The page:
Camera Traps: Continuing the Monitoring of Forest Health

Tapir Camera Trap
Tapir photographed with camera trap

Our camera trap efforts at Santa Rosa de Abuná are part of our larger camera trap initiative to monitor biodiversity in the Amazon. To date, we have recorded well over 10,000 photos and videos from our camera traps, which enable us to track the presence of a variety of fauna including large, predators like jaguar, that are indicators of a healthy ecosystem.

Some of the species captured on our 76 camera traps at Santa Rosa have an endangered status (Near Threatened or Vulnerable) according to the IUCN Red List, including Jaguars, Giant Anteaters, Tapirs, and Pale-winged trumpeters.

Giant Anteater
Giant Anteater photographed with camera trap

Showing consistent evidence of these species in our conservation area helps demonstrate to governments and others the need to protect the unique biodiversity that lives there. For instance, we have been able to show, through a density analysis of our camera trap efforts, that Santa Rosa and the indigenous territory of Tacana that we protect have a healthy jaguar population of 4.3-6.6 jaguars per every 100km2 (39 miles2).

First Melanistic Jaguar Photographed in Bolivia
First melanistic jaguar photographed in Bolivia


Our camera trap efforts in Bolivia have also caught on camera a jaguar (Panthera onca) with a very unique complexion. The animal is a melanistic jaguar, a color morph which occurs at about 6 percent frequency in populations, giving it an almost “black” look that is a stark contrast to the species normal orange/ brown complexion. This is the first time this type of jaguar has ever been recorded in the entire country of Bolivia.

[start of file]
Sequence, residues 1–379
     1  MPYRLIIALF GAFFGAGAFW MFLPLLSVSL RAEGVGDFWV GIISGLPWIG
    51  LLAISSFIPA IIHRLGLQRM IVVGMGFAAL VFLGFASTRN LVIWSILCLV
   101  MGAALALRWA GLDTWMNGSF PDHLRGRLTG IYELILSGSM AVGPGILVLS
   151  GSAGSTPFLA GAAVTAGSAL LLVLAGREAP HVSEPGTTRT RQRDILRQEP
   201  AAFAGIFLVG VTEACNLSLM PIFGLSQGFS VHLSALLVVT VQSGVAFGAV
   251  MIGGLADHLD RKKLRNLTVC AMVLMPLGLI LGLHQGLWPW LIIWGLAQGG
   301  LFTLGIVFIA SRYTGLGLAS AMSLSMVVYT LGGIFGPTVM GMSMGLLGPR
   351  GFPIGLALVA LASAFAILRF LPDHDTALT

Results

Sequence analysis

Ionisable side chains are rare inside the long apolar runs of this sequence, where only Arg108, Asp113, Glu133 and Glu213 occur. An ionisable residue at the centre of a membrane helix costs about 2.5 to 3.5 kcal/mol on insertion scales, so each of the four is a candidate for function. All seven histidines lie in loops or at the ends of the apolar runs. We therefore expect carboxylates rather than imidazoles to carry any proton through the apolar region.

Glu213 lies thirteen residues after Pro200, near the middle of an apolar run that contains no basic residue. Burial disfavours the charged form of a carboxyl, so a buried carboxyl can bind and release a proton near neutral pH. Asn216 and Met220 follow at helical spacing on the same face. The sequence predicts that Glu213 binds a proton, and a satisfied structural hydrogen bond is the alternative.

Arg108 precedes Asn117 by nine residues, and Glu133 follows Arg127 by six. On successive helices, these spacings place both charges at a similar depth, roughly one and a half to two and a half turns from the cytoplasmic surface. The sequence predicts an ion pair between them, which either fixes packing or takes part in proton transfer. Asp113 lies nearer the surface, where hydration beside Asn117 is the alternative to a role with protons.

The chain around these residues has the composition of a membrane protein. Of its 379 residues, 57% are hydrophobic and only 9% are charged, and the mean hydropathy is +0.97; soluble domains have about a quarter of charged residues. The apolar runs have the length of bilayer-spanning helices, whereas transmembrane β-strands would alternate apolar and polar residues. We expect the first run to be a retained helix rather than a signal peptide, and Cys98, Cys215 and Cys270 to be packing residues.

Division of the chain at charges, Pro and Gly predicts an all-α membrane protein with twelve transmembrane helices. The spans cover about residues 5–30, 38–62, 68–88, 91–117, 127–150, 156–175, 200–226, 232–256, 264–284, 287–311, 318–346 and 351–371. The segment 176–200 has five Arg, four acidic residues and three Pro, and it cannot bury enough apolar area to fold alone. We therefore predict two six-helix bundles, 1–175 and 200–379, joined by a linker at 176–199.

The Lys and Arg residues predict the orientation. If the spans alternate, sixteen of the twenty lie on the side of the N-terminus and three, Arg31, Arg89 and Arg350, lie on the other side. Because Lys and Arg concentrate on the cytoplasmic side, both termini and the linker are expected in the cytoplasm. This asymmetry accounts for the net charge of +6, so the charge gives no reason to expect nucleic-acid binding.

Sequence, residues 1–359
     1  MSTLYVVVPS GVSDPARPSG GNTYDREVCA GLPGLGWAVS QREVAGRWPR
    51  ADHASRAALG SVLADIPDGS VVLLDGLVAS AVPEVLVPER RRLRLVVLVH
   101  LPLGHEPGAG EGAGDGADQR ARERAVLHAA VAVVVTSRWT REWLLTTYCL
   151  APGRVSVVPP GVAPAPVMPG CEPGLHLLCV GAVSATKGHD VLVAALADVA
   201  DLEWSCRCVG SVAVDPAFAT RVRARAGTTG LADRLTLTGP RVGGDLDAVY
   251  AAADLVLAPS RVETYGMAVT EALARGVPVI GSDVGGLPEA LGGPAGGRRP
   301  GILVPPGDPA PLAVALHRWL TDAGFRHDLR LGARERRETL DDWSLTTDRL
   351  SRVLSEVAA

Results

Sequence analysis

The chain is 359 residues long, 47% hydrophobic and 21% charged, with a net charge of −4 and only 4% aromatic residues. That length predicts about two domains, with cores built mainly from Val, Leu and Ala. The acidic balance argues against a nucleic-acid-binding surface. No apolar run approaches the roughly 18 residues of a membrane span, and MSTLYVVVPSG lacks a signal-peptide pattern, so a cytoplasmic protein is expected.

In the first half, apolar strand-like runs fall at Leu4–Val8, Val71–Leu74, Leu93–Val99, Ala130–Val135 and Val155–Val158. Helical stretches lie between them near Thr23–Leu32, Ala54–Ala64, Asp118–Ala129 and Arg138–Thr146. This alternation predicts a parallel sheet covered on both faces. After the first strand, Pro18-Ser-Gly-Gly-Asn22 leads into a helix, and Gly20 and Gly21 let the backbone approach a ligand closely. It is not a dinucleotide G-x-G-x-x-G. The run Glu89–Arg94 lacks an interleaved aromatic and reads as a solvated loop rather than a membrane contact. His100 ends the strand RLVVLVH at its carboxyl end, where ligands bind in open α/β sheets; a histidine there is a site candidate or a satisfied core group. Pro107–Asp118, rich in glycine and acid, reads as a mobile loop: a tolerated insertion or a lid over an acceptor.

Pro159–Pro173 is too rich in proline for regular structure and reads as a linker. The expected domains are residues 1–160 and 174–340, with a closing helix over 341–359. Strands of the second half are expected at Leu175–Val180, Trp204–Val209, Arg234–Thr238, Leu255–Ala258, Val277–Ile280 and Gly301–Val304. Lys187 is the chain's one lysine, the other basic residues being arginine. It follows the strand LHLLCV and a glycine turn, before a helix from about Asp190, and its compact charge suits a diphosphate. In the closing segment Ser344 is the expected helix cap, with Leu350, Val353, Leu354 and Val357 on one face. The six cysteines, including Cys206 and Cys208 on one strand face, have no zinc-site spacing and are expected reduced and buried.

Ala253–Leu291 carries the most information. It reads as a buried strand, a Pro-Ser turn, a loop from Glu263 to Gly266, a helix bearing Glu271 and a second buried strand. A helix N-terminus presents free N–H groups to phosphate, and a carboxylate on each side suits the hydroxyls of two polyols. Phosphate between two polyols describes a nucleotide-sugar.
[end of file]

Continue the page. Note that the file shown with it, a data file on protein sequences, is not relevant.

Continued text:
MAAP #84: New Threats to The Peruvian Amazon (Part 1: Yurimaguas-Jeberos Road)

The efforts and international commitments of the Peruvian Government to reduce deforestation may be compromised by new projects do not have adequate environmental assessment.

Image A: New Yurimaguas-Jeberos road crossing primary forest. Data: Planet
Image A: New Yurimaguas-Jeberos road crossing primary forest. Data: Planet

In this series, we address the most urgent of these projects, those that threaten large areas of primary Amazonian forest.

We believe that these projects require urgent attention from both government and civil society to ensure an adequate response and avoid irreversible damage. For example, in the case below, it is not known whether there is an environmental impact study.

The first report of this series focuses on a new road (Jeberos – Yurimaguas) that threatens a large expanse of primary forest in the northern Peruvian Amazon (see Image A).